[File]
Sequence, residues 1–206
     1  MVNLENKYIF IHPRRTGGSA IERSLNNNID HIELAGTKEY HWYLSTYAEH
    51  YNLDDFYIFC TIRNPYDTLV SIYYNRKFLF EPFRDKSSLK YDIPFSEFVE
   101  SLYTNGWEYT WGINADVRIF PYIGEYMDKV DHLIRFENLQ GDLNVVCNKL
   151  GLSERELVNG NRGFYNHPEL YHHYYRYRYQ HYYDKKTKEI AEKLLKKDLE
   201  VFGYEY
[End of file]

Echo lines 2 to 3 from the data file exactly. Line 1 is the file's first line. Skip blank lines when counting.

     1  MVNLENKYIF IHPRRTGGSA IERSLNNNID HIELAGTKEY HWYLSTYAEH
    51  YNLDDFYIFC TIRNPYDTLV SIYYNRKFLF EPFRDKSSLK YDIPFSEFVE